March 30, 2012
Dear Mayo Clinic:
I am an 84-year-old woman with a bad hip. My doctor recommends a total hip replacement but that seems extreme for someone my age. I am very uncomfortable and a cortisone shot only helped for 10 days. What do you recommend for your older patients?
If you don't have other health problems, age may not be a determining factor when deciding whether to have hip replacement surgery. When hip pain is persistent, limits mobility or makes it difficult to do normal daily activities, hip replacement can be a reasonable option, even for older adults. That said, hip replacement is usually used as a last resort for treating hip pain. There are a number of other treatment options and lifestyle changes you can try before hip replacement surgery.
A variety of conditions can damage the hip joint and lead to hip pain that lasts. In many older adults the source of the problem can be traced to conditions such as osteoarthritis and rheumatoid arthritis. A broken hip or other hip injury can also cause joint damage that results in long-term pain.
If arthritis is the underlying cause of your pain and you are carrying extra weight, weight loss can have a big impact. Being overweight increases the stress on weight-bearing joints like your hips. Even weight loss of 10 to 20 pounds can relieve pressure and reduce pain. If you need to lose weight, discuss it with your doctor before starting a weight-loss program. He or she can talk with you about healthy ways to shed extra pounds.
Regular exercise is also useful for decreasing hip pain for people with arthritis, as well as for those who have experienced a hip injury. Non-impact aerobic activities, such as swimming, biking and walking are all good choices. Daily exercise strengthens the muscles around your hip joint and helps reduce pain. Even if you do require hip replacement surgery, exercise may help with your recovery from surgery. Again, talk to your doctor to decide what activities are right for you and how often you should exercise.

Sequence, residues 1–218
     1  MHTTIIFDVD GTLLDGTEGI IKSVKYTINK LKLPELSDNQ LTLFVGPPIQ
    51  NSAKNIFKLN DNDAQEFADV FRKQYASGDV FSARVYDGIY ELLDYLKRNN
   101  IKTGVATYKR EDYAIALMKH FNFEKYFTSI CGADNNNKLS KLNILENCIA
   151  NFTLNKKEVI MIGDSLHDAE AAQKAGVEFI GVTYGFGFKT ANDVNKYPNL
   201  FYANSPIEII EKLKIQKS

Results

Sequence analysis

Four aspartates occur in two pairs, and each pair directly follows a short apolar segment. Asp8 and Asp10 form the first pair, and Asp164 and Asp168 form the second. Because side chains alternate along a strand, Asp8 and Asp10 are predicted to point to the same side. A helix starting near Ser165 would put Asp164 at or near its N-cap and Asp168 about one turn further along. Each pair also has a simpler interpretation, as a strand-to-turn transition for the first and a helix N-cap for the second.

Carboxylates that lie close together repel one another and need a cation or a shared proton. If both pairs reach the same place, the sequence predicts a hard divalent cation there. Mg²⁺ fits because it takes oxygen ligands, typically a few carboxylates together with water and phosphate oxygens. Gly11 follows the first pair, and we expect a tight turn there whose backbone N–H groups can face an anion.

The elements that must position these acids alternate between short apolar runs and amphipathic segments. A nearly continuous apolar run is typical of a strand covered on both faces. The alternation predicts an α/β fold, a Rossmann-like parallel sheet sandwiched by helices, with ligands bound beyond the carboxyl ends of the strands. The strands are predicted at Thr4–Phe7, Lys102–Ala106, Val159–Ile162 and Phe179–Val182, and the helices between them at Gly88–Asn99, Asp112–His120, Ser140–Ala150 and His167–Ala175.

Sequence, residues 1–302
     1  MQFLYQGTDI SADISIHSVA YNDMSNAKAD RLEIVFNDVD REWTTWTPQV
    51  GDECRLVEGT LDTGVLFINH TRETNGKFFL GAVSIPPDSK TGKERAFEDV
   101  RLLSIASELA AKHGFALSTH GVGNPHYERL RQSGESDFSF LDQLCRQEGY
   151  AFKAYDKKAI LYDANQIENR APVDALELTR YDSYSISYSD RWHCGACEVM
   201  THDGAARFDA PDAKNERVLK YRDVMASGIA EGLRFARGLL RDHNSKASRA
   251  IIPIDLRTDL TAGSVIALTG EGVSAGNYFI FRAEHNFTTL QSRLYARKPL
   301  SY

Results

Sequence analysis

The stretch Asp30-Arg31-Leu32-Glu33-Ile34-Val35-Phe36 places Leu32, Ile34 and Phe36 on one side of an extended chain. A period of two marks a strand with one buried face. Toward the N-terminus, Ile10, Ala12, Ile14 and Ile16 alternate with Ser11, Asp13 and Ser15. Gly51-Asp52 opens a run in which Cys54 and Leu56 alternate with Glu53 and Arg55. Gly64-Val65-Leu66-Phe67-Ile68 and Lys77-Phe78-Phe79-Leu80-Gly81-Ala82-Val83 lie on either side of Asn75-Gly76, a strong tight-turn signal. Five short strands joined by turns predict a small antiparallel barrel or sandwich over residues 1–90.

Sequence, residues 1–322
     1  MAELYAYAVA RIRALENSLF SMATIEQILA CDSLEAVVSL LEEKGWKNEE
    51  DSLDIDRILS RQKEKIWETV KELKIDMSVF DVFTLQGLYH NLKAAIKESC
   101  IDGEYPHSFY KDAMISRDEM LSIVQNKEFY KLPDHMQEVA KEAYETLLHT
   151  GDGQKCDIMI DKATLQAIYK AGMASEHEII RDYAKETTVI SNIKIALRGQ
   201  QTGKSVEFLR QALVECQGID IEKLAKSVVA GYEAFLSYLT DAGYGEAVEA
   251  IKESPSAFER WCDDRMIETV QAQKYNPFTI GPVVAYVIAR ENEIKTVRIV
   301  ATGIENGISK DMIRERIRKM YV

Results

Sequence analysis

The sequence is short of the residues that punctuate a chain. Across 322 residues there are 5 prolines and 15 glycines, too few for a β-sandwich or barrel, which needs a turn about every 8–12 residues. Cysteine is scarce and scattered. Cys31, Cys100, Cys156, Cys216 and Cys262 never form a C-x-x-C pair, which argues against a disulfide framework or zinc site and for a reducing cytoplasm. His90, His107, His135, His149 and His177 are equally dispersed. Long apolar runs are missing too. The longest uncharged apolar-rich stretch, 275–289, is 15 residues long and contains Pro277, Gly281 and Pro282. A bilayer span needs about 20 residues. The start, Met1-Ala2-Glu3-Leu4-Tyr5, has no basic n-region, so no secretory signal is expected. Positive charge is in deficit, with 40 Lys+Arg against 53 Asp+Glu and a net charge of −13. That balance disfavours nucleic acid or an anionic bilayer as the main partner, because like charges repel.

Medications, such as over-the-counter or prescription nonsteroidal anti-inflammatory drugs (NSAIDs), can help reduce inflammation and relieve pain. And finally, joint injections with cortisone, as you mentioned, can also be used to manage joint pain in some patients.
If your pain continues to be severe after you try all these options, then hip replacement surgery may be appropriate. The surgery involves removing the hip joint and replacing it with an artificial joint that has a ball component made of metal and a socket that has a liner made of plastic. The implants used in hip replacement are made to resist corrosion and wear. The entire procedure usually takes about one to two hours, and the hospital stay after surgery typically lasts two to three days.
Recovery after surgery involves walking regularly, as well as performing some physical therapy exercises on your own. Many patients are mobile and largely pain-free about four to eight weeks after hip replacement surgery. Some discomfort may crop up occasionally during strenuous activity for up to a year after surgery. But, in time, most people who have this surgery receive complete relief from their hip pain.
Have a thorough discussion with your doctor about the pros and cons of hip replacement surgery. Ask about other treatments that may be helpful before opting for surgery. And, if surgery is the best choice, discuss your concerns regarding your age. There may be ways to make the surgery easier for you and resources available to help with recovery afterward.
— Rafael J. Sierra, M.D., Orthopedics, Mayo Clinic, Rochester, Minn.